PETALING JAYA: A medical expert has cited good hygiene as essential in preventing leptospirosis, a deadly disease linked to rat urine.
“Poor hygiene is the main contributor to leptospirosis and it is most important to prevent exposure to infected animals,” said a former president of the Malaysian Medical Association, H Krishna Kumar.
He was commenting on concerns expressed by several quarters in recent weeks following a health ministry alert against the disease, which is a bacterial infection typically spread by rodents.
According to a news report last Wednesday, the number of leptospirosis cases in Malaysia has steadily increased from 2,268 in 2011 to 8,291 in 2015, although the figure dropped last year to 5,284.
Statistics show that 55 people died from the disease in 2011. The figure for 2015 was 78. Last year, it dropped to 52.
The Federation of Malaysian Consumer Associations (Fomca) alleged that Malaysians were generally careless with public hygiene.
“Malaysians do not care about public cleanliness,” Fomca vice-president Yusof Abdul Rahman told FMT. “A filthy restaurant will not prevent people from eating in it.”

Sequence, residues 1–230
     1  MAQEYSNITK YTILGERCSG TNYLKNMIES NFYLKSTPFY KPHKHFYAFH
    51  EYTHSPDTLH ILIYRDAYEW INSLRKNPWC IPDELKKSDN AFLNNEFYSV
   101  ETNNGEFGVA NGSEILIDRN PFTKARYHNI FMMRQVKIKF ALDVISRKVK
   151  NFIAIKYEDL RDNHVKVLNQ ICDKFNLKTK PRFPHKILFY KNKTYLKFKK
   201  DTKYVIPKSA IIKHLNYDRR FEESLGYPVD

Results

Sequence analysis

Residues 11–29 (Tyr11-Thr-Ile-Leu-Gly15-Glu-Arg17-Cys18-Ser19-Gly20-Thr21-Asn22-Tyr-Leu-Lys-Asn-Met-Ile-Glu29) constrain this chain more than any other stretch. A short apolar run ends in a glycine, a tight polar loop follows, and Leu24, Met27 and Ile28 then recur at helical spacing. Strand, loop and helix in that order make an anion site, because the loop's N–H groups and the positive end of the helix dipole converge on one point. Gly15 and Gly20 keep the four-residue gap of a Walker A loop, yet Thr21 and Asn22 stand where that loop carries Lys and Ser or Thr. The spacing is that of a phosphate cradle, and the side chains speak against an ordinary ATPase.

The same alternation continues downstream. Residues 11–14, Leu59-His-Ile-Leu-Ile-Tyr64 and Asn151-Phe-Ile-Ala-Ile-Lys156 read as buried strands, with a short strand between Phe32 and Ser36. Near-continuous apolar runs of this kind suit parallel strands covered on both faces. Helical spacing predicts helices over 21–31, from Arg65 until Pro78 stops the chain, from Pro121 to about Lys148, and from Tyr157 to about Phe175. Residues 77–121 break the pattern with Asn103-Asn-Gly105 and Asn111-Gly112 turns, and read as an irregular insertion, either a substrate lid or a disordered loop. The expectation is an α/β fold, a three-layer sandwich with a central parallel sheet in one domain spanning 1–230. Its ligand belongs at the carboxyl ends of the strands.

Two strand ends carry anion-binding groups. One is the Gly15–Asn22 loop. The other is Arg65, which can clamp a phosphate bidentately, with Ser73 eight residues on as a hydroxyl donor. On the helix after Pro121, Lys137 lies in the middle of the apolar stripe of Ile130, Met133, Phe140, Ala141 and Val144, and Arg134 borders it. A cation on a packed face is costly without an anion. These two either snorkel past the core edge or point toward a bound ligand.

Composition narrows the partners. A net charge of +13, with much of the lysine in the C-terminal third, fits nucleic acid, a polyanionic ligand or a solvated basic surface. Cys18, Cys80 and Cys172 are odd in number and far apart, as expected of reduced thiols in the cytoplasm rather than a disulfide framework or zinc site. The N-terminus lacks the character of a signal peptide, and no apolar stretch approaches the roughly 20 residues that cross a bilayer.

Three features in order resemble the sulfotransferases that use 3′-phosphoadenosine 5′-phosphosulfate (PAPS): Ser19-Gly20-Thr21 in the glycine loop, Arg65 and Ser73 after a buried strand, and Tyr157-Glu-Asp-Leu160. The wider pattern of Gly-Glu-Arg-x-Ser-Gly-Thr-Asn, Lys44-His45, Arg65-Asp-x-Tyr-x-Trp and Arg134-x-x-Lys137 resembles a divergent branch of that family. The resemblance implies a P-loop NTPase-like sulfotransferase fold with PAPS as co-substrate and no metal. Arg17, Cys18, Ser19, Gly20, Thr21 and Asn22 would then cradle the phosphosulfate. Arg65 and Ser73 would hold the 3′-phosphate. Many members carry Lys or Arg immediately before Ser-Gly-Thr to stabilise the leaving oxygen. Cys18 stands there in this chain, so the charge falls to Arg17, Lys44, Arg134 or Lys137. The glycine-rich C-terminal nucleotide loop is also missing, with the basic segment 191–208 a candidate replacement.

He said this apathy was also evident at recreational spots and noted that leptospirosis sufferers usually caught the disease at such places.
However, Anthony Tan, executive director of the Centre for Environment, Technology and Development, said only a small segment of the Malaysian population displayed a sloppy attitude towards public cleanliness.
The culprits were usually operators of food businesses, he said.
Former Institute of Respiratory Medicine director Abdul Razak Muttalif was recently reported to have said that infectious diseases such as tuberculosis (TB), leptospirosis and rabies were making a comeback in Malaysia.
Following this, Parti Warisan Sabah deputy president Darell Leiking called on the Sabah state government to carry out thorough health checks on immigrants.
Report by Ivy Chong, Nurul Azwa and Afiqah Farieza